4. Just when I think I am done with all the painful data collection/file format conversion and ready to roll, my whole data analysis pipeline simply blows up in my face. As it turned out, some annotations are just plain horrible; there are annotated proteins with less than 60 amino acids and more than 3 in-frame stop codons, or worse yet, "genes" with one single amino acid. I mean, come on guys, even a first-pass-fully-automatic annotation can do better than that. While my pipeline worked well for what it was designed to do, there is very little that it can do about the classic garbage-in-garbage-out problem.

All these frustrations reminded me why I decided to switch from eukaryotes to bacteria last year, and I really glad that I did.

No Comment

Inspired by this T-shirt, here is what I usually say at work (arranged by how often I say it):

# No Comment

// No Comment

<comment>No Comment</comment>

See? Told you I'm a geek. :)


Lamy ABC comes to the US

Ever since I learned about the existence of Lamy ABC from Richard Binder's site, I have been wanting one (or two, it comes in 2 great colors) pretty badly. I can't really explain why I'd be so obsessed with a pen designed for children, may be I have never grown up or something.

Unfortunately this pen was not available in the US, and the trouble and cost involved in getting one is just too much so this pen has remained on my wish list for quite some time now. So, I am really happy to know that now
Fountain Pen Hospital started to carry this cute little pen.

With all that great news, I can only hope my play-money account will turn black soon...


The red bike combo

A combo that is not meant to be enjoyed together:

And an alternative use of the bottle cage:

And that makes seven

Alyssa got a used 20" 6-speed Raleigh Rowdy from Tucson BICAS to replace the 16" bike that is almost too small for her now. With this new addition, we have a total of 7 bikes in the house (Ann, David, and I have one each, the 2 girls share 4 bikes in the sizes of 12", 14", 16", and 20"). The sight of all the bikes lined up in the backyard is quite impressive.

I don't remember the my job description as a dad has "bike fleet maintenance and management" in it, but looks like this is going to take up a big chunk of time and effort.


Nice weather makes me a wimp

The temperature this morning was in low 40s and my thought was "Gosh, this is too cold to ride my bike to work."

Even though I have a mild cold and a 10 mph headwind weighing on my side, I still feel my argument was kind of weak. Then I thought to myself "Heck, if I can ride in Iowa's winter, where there was snow on the ground and the sky was depressingly gray, how come I can't ride on a beautiful sunny day in Tucson?"

And with that thought, I hopped on my bike heading to work. Fortunately the ride was not as painful as I've expected. Better yet, the work out helped to soothe my stuffy nose a bit when I got to my office.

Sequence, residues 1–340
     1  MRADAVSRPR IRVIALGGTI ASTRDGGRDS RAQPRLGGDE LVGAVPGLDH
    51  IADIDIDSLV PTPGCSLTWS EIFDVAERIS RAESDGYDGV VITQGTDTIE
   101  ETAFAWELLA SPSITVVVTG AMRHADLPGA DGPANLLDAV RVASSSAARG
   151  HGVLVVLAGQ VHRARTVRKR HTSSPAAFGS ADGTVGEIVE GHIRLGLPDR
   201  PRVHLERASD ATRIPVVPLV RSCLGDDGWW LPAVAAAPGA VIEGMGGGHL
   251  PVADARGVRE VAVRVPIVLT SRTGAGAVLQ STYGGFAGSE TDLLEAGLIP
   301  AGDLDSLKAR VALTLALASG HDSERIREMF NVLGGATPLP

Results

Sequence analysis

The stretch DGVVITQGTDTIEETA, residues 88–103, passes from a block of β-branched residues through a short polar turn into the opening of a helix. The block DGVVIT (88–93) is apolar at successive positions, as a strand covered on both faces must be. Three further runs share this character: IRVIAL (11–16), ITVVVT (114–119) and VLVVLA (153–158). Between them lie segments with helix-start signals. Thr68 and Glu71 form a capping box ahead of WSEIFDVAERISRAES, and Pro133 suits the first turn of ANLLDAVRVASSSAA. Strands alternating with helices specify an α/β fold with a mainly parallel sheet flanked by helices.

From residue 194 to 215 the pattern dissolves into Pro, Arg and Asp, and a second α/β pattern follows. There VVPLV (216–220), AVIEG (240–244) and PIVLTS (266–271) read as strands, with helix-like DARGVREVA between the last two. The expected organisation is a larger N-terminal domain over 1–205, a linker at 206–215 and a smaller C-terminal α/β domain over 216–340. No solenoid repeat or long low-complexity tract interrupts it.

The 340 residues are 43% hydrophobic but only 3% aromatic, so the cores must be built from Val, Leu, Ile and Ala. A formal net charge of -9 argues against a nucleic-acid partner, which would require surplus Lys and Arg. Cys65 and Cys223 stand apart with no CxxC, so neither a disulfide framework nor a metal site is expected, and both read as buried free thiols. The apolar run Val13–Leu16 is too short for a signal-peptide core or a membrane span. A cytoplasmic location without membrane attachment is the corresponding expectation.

*Sigh* Looks like I am completely spoiled by the nice weather in Tucson.


The cutest thing

I took David out for grocery shopping this evening. When the cashier saw David's bear jacket (completed with two little ears on the hood), he said to David "You are the cutest thing I have seen today."

The funny thing is that a muscular guy over at the next check out counter overheard this, and yelled "Hey, you just said that to me earlier!"

Everyone in the store had a good laugh.


Vulnerable cyclists

Read some quite scary stories about cyclists being attacked by crazy people and a classic case of hit-and-run. Surprisingly, the police seemed unable to do anything, even when the license number of the cars are available in both cases.

This is so sad.

Anyway, still waiting to see how the case of the El Tour de Tucson accident will pan out. Hopefully the injured cyclists (particularly Gary Stuebe) will make it out okay.

Because they are friends

Watching Alyssa and Vivian play chess can be a quite entertaining experience. Given the choice of

(1) take one of Alyssa's pieces, and
(2) group her own pieces together,

Vivian would go for option (2) most of the time. The reason? "Because they are friends."

Surprisingly, this seems to be an effective way for preserving most of her pieces to the end and sometimes even helps to secure a win.


Away it go

Got my first research paper from the new lab out of the door today. Hooray!

Lights at Reid Park Zoo

We took the kids to the zoo this evening to see the Zoo Lights event. It is the first time for us to be there after dark and we had some interesting experiences.

The zoo was totally packed with people, even more than the weekends. Everything looks so different with the lighting it feels like a new place for us.

While most of the animals were sleeping, the polar bear was extremely active while we were there. The kids enjoyed seeing the bear jumping in and out of the pool and swimming around having fun just like an super-sized otter.